QuakeCon: 2,800 Gamers, 72 Hours, One Intensifying Smell
QuakeCon, considers itself “the Woodstock of gaming.” The event, held every year in Dallas, draws 2,800 nerds to a hotel conference, where they play video games for 72 hours. So it’s nothing like Woodstock. The only thing they have in common is the funky aroma.
“The last day, it did have a bit of a smell,” says photographer Laura Buckman. “What did you think would happen when mostly men don’t shower and play video games for three days?”
Buckman lives in Dallas and has a thing for quirky conventions, and checking out QuakCon was just too good to pass up. “I wanted to see the physical community that came together from such a solitary activity,” she says.
The first QuakeCon drew just 32 people. Twenty years later, the 2,800 nerds at the con entertained an audience of 7,200 gawkers who came from around the world to celebrate games and gaming. People go especially nuts for the BYOC—that’s “bring your own computer”—hall, where 16 miles of cable keep thousands of PCs powered up and connected to the Internet.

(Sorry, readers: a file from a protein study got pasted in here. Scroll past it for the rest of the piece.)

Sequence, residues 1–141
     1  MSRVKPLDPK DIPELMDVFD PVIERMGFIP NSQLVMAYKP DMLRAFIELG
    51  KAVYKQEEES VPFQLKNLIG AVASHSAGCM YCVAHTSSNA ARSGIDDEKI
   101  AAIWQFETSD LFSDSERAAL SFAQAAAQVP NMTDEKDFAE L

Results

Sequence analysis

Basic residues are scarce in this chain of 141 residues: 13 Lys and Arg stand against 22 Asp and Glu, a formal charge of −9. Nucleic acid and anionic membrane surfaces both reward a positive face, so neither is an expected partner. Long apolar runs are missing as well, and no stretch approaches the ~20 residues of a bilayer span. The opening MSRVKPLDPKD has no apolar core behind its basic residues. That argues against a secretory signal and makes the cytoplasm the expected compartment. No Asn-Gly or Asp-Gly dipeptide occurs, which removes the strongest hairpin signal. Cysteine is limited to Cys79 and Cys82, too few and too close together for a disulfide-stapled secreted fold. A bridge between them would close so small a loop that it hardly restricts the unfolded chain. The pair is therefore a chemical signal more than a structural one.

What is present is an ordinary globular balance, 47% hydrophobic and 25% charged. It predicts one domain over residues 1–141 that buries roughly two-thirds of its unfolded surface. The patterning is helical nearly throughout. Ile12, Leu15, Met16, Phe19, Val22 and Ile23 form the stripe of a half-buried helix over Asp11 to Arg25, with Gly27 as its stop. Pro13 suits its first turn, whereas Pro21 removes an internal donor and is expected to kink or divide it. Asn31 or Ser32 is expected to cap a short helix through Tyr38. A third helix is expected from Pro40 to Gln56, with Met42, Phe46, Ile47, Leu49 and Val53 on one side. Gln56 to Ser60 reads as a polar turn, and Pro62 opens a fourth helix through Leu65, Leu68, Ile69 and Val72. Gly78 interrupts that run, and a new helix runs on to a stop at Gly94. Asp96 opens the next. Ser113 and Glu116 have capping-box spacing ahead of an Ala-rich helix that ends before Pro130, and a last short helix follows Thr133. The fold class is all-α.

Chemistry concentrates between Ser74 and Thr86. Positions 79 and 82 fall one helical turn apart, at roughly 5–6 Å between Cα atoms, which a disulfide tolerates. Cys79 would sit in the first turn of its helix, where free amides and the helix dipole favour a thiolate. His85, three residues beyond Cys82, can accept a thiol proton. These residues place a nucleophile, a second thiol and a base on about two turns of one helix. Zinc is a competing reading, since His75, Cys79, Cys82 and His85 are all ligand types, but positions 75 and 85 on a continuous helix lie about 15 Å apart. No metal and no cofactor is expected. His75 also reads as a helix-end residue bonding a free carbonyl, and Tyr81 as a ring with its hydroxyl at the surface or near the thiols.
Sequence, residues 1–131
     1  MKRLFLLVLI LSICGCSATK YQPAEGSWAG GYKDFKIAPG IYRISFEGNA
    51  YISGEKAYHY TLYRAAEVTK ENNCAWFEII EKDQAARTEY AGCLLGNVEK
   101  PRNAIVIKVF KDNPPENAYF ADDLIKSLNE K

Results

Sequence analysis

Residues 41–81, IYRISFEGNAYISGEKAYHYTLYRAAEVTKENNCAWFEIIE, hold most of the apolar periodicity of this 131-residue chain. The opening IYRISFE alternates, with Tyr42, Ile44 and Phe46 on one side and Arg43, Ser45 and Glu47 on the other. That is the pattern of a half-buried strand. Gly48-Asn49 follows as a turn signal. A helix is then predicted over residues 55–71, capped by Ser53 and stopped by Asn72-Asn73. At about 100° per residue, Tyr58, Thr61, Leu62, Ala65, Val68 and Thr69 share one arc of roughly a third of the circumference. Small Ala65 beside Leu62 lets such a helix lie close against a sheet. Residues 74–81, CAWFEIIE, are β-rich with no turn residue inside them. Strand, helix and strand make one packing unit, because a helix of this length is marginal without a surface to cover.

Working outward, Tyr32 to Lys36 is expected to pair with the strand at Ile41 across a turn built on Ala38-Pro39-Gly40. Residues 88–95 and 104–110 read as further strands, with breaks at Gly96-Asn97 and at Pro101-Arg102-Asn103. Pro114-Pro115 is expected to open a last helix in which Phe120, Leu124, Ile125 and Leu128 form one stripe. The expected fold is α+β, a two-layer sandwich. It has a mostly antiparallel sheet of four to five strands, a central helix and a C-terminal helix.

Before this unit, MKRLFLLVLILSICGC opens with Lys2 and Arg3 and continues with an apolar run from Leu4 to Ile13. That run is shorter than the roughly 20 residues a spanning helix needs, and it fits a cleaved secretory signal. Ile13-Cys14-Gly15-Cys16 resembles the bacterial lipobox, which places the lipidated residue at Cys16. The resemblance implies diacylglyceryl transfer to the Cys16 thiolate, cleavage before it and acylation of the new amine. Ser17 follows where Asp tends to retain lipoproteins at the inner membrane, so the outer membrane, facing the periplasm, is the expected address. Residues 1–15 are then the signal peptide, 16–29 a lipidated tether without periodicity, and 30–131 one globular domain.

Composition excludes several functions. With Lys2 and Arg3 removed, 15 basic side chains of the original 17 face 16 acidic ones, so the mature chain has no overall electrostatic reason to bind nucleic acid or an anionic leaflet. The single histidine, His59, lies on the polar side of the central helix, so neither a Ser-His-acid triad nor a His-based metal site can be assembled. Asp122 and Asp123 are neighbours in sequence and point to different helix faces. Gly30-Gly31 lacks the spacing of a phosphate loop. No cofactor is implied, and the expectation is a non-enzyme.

Glowing screens illuminate an otherwise dark room, augmented here and there by bright LEDs. Players wear their very best duds, ranging from doge T-shirts to all of the cosplay get-ups you’d expect. Junk food wrappers and energy drinks line the long tables, providing fuel for marathon sessions of games like Quake, Call of Duty, and Overwatch. Although vendors in adjacent rooms hawk all manner of gaming gear, the truly committed make it a point to stay in front of their computers 24/7 for three days. Sleeping in the hall is a definite no-no. “A lot of people were playing in their pajamas, camping out there as long as possible,” says Buckman.
Game publishers host tournaments, but QuakeCon is less about competition than hanging out with friends. Old-timers from the show’s earliest days now bring their kids, giving the event the feel of a family reunion. “A lot of people said this is the one time a year they interact with the people they see in their digital world,” Buckman says. For these folks, some of the strongest bonds are forged by the light of a computer screen.